Dude, I'd be fucked. Our electrophysiology rigs have so many different pieces of equipment that each of them is worthless without the other. I guess I'd save the microscope. It would keep me entertained while we wait to get rescued from the desert island.

  • Just as a note, you won't always be there to grab the backup hard-drive. Off-site backups are easy enough to set up and priceless.

  • JaneB says:

    Assuming all the samples are happy and my backup hard drive is safe, as in your question:
    my microscope. MY microscope, the original one I bought for the lab from my tiny start-up budget. I love my microscope! We'd have to have a round the clock rota but if everyone had Been Good and kept ahead on the lab work (which I always recommend as a lot of our equipment is tempremental - either by inclination or because it's elderly and needs a lot of maintainance work - so it's smart to keep everyone able to cope with a 1-2 week workflow break) we could keep churning out the data. MY microscope happens to also be one of the most robust (read - least sophisticated) ones we have, so it would have the best chance of surviving the life raft experience in a usable state.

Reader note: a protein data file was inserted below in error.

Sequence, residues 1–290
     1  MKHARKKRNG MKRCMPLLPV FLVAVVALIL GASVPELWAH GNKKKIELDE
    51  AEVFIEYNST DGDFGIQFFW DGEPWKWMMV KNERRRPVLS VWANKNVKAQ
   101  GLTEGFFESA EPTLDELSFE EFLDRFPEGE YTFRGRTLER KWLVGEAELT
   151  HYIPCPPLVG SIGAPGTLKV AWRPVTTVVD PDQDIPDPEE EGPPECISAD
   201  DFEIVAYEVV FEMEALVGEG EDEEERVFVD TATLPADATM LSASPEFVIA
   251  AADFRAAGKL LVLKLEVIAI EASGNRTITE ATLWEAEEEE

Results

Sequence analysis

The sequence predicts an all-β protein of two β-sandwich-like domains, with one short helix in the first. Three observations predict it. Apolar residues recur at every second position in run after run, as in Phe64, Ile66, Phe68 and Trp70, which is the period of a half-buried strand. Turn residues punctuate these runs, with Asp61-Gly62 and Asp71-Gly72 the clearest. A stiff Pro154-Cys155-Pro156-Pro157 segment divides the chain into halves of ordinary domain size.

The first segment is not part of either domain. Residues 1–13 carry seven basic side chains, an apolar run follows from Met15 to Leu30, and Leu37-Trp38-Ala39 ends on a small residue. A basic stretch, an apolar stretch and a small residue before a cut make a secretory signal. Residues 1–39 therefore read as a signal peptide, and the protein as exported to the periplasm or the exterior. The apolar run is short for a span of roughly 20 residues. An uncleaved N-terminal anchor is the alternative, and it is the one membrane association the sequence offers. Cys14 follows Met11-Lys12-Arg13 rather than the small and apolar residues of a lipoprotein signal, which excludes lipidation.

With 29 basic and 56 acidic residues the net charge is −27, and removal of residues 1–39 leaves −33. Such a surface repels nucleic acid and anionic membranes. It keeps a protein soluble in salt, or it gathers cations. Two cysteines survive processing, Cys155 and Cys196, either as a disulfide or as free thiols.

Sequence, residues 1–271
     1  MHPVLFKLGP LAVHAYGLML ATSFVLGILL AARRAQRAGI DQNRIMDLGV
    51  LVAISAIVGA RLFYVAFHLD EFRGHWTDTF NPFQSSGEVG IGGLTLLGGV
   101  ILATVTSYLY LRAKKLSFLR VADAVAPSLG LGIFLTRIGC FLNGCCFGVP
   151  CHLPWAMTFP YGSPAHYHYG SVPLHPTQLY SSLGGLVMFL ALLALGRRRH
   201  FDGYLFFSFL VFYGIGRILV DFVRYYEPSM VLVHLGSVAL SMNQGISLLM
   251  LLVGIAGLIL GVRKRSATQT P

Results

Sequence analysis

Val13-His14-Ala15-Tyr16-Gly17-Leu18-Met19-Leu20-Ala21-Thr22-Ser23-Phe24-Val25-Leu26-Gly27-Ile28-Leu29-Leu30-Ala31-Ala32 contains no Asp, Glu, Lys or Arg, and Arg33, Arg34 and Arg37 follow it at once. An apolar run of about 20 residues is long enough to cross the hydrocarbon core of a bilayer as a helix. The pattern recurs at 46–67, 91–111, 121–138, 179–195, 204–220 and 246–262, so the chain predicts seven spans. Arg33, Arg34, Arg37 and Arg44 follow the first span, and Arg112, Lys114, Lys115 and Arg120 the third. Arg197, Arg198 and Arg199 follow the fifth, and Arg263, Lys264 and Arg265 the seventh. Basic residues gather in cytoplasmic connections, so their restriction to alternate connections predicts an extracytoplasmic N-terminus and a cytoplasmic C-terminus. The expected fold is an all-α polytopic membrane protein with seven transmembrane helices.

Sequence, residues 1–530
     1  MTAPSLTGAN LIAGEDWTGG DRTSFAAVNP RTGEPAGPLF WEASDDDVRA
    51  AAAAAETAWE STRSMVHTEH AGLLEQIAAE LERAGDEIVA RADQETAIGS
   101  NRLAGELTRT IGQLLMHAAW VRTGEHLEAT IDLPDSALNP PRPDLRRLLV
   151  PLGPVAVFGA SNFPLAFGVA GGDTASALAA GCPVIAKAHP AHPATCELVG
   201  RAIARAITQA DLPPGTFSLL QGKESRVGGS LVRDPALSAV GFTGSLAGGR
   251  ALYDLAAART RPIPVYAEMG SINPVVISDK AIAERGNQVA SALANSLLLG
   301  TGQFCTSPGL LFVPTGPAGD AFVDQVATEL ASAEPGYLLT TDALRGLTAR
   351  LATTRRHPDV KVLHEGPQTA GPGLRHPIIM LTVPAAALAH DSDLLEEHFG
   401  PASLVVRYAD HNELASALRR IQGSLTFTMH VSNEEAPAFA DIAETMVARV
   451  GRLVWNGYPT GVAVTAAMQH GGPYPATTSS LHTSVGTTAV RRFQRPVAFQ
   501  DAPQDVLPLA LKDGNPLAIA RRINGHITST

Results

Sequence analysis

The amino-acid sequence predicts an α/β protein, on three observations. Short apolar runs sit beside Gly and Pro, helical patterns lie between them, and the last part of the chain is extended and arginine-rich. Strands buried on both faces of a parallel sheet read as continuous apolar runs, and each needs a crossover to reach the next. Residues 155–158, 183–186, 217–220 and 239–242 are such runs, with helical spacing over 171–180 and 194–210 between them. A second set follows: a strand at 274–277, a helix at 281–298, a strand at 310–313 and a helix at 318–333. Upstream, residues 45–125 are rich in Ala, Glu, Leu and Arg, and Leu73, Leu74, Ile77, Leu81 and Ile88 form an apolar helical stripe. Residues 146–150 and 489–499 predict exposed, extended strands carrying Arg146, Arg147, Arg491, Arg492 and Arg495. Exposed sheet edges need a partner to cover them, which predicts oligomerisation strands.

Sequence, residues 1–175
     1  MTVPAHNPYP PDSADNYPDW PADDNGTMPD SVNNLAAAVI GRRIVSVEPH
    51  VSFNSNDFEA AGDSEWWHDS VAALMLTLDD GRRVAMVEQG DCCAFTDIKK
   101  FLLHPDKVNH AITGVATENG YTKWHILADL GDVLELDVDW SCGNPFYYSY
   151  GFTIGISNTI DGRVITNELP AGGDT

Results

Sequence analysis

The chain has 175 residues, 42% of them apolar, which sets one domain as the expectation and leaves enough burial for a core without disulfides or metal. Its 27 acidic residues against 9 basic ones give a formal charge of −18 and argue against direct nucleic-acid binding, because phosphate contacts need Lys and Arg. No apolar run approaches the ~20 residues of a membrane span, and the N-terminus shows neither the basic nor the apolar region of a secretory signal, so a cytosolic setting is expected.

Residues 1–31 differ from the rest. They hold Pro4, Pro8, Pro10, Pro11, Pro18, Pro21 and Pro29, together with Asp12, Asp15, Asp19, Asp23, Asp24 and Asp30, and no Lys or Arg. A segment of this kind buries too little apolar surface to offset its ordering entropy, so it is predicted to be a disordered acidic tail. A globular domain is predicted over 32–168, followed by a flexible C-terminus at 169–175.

And when it wasn't our turn at the 'scope, we could probably do some great modelling (conceptual and mathematical) with some smoothed sand and pointy sticks, or by scratching on tropical leaves...

  • Confounding says:

    The advantage of being in a field largely based on population studies, math and statistics?

    "The backup drives"

    Or, if I can get the storage solution I'm working on done, "My computer".

    Could then relocate the lab to Starbucks, assuming that didn't sink.

  • Mokele says: